Some years ago, I saw one of the movies adaptations of The Sea Wolf, the one starring Charles Bronson and Christopher Reeve. I remember liking the movie a lot, mostly the philosophical talks between Wolf Larsen and Humphrey Van Weyden, and because at that time I was studying Milton’s Paradise Lost, I mostly enjoyed the PL allusion in the Sea Wolf. Some years later, having finally just read the Sea Wolf, I must say it hasn’t quite lived up to my expectations…

Humphrey Van Weyden, " a scholar and a dilettante […] in things artistic and literary" is on board a ferry-steamer to San Francisco when the ferry sinks. After spending some time at sea between life and death, Humphrey is spotted by a sailor of a seal-hunting schooner and his life is saved. At least, temporarily… On the schooner, the men are uncivilized and uneducated brutes who only believe in the law of the strongest. The worst of them is their captain, Wolf Larsen. A superman in the Nietzschean sense of the term, he has a feline strength and grace. Self-educated, he can discuss literature and philosophy with as much precision and discernment as Humphrey, but he has no morals. Not immoral, he is just amoral. He doesn’t believe in the immortal soul, he just believes in "yeast", in the instinct of life which is to preserve itself, to strive and prosper, often at the detriment of other lives. This justifies the cruel treatment of his men, who all fear him, and whom he doesn’t hesitate to kill if necessity or simply if his whim drives him to it.

Humphrey is employed on the boat against his will, first as a cabin boy, and then, involuntarily climbing his way in the hierarchy, as a mate. He survives a bit like Scheherazade, not because of the stories he can tell, but rather because of the arguments he can oppose Wolf Larsen’s in their philosophical talks. Starved for knowledge, Larsen needs the company of a man more erudite than himself. Bound for the Japanese coast, Larsen’s schooner, The Ghost, soon begins a cat-and-mouse game with The Macedonia, commanded by Death Larsen, Wolf’s brother…

Among the many literary allusions, I was able to find the Milton’s allusion I remembered from the movie: like Milton’s Satan, Larsen does not want to live by the arbitrary rules established by someone more powerful than him. Satan led the rebellion of some angels and was thrown into hell and said: "Better to reign in hell than serve in heaven". Likewise, Larsen prefers to command brutes at sea, and, like a god, to have a right of life and death over them, rather than be a nobody in a society where he would have to abide by the rules. Unfortunately for him, Wolf won’t die a wolfish death, at the hand of a stronger, more apt "animal". Rather, he will know the indignity of having his own body failing him bit by bit, becoming the ghost of himself, like the name of his schooner seemed to foretell…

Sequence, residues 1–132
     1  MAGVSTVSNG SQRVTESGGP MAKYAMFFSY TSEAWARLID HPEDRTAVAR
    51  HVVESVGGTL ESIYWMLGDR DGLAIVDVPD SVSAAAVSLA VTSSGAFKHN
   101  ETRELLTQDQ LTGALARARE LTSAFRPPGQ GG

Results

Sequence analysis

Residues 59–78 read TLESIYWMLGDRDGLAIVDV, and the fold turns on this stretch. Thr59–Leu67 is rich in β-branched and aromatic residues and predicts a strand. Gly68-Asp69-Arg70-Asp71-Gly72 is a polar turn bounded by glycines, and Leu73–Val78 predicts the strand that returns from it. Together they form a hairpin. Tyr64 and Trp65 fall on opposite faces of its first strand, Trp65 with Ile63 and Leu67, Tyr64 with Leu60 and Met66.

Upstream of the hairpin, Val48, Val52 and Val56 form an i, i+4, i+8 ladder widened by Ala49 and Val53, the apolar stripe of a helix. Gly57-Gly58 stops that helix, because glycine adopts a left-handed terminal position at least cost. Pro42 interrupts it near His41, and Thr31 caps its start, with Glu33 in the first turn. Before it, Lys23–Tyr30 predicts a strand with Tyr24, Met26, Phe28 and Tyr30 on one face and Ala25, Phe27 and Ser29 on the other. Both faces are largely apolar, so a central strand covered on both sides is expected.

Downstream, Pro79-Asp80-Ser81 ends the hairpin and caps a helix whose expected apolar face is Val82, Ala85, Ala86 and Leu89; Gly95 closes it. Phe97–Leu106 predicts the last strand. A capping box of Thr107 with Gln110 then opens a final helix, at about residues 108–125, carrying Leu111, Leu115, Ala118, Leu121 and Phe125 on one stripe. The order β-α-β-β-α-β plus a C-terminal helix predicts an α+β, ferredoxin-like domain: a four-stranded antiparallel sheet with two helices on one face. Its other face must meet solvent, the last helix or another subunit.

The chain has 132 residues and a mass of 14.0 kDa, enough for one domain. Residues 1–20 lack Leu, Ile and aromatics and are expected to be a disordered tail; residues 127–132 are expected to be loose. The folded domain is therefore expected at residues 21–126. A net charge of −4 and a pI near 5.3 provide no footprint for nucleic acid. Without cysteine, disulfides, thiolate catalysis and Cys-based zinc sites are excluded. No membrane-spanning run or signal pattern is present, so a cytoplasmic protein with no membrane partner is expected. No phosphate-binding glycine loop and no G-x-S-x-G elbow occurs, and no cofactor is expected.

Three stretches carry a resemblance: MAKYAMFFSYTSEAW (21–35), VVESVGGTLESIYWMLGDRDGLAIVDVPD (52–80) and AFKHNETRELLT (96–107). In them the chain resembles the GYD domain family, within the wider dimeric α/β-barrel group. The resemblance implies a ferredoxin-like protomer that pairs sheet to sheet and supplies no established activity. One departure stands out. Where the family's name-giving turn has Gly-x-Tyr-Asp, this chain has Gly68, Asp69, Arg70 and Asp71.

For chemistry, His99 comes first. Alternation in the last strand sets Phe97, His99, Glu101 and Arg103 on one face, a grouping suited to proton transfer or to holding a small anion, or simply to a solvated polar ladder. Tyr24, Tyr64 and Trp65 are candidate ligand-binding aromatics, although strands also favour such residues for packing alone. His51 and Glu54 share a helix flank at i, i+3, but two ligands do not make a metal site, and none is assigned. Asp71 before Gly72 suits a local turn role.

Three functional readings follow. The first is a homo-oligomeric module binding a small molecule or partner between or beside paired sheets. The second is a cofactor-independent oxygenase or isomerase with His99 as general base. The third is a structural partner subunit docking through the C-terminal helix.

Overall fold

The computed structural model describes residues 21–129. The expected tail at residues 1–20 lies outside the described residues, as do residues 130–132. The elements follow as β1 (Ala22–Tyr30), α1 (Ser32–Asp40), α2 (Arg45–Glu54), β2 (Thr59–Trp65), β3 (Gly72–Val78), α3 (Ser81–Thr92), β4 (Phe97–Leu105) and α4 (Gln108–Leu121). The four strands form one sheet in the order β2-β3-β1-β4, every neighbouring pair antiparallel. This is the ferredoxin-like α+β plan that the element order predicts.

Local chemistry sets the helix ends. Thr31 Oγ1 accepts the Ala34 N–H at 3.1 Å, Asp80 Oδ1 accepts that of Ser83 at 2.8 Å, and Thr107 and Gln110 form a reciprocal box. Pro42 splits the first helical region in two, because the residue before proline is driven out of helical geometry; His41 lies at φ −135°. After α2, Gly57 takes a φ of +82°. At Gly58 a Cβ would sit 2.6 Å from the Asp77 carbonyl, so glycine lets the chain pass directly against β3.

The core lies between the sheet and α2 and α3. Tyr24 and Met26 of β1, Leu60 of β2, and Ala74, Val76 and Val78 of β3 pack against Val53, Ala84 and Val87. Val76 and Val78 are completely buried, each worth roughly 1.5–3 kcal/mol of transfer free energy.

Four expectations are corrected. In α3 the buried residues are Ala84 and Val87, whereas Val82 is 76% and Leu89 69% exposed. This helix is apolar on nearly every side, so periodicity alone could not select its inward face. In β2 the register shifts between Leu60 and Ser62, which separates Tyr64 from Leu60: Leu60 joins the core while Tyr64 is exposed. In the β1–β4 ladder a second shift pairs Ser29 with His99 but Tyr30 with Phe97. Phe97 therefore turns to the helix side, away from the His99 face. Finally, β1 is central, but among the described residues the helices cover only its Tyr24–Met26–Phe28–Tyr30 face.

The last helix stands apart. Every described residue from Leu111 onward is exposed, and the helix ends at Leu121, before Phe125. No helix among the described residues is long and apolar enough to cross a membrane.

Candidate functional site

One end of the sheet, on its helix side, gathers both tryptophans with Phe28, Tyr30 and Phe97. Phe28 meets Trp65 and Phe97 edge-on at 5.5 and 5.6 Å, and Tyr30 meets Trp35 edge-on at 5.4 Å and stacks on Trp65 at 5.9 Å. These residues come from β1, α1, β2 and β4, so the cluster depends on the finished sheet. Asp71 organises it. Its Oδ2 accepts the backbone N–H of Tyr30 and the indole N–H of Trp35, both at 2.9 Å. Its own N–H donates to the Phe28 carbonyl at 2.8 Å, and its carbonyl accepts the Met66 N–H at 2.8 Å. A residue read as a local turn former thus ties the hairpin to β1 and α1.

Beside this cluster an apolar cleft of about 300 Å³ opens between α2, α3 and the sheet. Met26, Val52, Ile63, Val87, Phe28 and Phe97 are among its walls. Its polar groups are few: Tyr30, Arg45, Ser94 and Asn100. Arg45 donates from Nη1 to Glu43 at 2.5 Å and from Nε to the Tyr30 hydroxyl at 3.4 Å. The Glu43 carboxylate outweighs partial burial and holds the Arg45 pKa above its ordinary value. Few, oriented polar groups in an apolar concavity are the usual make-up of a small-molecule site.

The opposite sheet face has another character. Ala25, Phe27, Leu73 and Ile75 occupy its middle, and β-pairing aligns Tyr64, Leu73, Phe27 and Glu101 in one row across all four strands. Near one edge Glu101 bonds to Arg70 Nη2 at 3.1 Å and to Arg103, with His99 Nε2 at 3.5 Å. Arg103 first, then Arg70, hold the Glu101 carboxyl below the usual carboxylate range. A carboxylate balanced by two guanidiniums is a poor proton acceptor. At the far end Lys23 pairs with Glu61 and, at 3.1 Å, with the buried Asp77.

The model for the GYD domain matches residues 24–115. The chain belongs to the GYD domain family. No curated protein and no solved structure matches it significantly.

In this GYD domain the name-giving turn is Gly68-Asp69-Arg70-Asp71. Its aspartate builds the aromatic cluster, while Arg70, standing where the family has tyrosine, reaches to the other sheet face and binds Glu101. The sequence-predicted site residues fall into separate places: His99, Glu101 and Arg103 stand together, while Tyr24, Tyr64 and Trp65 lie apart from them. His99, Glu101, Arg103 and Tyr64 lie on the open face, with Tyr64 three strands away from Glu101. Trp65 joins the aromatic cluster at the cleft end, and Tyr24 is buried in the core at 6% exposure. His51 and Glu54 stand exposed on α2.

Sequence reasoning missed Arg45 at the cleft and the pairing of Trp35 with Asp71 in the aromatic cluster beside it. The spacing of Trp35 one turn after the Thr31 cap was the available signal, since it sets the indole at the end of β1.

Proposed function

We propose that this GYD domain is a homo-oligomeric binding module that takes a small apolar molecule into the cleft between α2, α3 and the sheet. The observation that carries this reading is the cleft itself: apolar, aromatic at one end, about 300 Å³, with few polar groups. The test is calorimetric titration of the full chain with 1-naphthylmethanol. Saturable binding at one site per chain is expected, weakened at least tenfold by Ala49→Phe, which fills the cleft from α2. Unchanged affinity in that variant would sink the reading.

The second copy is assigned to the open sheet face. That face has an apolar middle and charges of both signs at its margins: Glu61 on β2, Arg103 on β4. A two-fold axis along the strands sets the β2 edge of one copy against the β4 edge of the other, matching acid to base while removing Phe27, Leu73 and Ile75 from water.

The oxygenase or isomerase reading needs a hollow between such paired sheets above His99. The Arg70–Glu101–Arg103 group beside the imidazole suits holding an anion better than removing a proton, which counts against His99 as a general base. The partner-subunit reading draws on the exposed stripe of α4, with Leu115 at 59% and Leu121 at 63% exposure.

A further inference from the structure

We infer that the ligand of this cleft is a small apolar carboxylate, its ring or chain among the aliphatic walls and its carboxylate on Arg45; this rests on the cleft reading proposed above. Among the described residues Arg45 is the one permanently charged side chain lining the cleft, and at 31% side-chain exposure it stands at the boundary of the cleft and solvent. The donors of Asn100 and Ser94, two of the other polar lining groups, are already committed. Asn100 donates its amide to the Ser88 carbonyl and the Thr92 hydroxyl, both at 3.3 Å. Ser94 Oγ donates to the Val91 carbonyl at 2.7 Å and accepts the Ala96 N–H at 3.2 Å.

I enjoyed the first part of the book and the discussions between the two men, but, from the moment Maud Brewster, a young woman saved from the tempest near the coast of Japan, entered the scene, I started to lose interest in the novel. I almost laughed at London’s description of the woman as "frail-lily", or better yet, "sunshine and dew to [Humphrey’s] manhood". I understand that this objectification of the woman, who exists only in her function of making a man feel like a man, does not stand necessarily for London’s own perception of women, but rather as an emphasis on the fact that "Sissy" Van Weyden (as he was called by his schoolmates) has a lot of trouble with his manhood. Not only is he sensible to feminine beauty in some of his ship companions (not to mention his very ambiguous reaction before Wolf Larsen’s naked torso and his more general attraction to his appearance), he also admits, at the age of 35, never to have had  "amorous" feelings for a woman. After some time on the schooner though, and after meeting Maud Brewster, protecting the frail woman seems to awaken his manhood: "I shall never forget, in that moment, how instantly conscious I became of my manhood [he just passed an arm around Maud because she is afraid]. The primitive deeps of my nature stirred. I felt myself masculine, the protector of the weak, the fighting male […]". How can we, today readers, read this and keep a straight face? The trouble is, I do not think London intended it to be funny…  On a more serious level and keeping aside the narrator’s view on women (it was hardly the beginning of the twentieth century when he wrote the book after all, one could hardly have expected London to feature a feminist character), I wonder what final statement London intended to make about Humphrey’s sexual ambiguity and if this subject has already been discussed in some essay: it would be an interesting one indeed …

I think the character of Wolf Larsen is one of the unforgettable characters in literature, even though I was disappointed by his unworthy demise (I did not remember this from the movie). I would gladly have been spared the "love story" too, since, in my opinion, it did not add anything of interest to the novel. I still recommend The Sea Wolf to lovers of nautical novels, and because, despite its flaws, it is a classic…

Rating: 3/5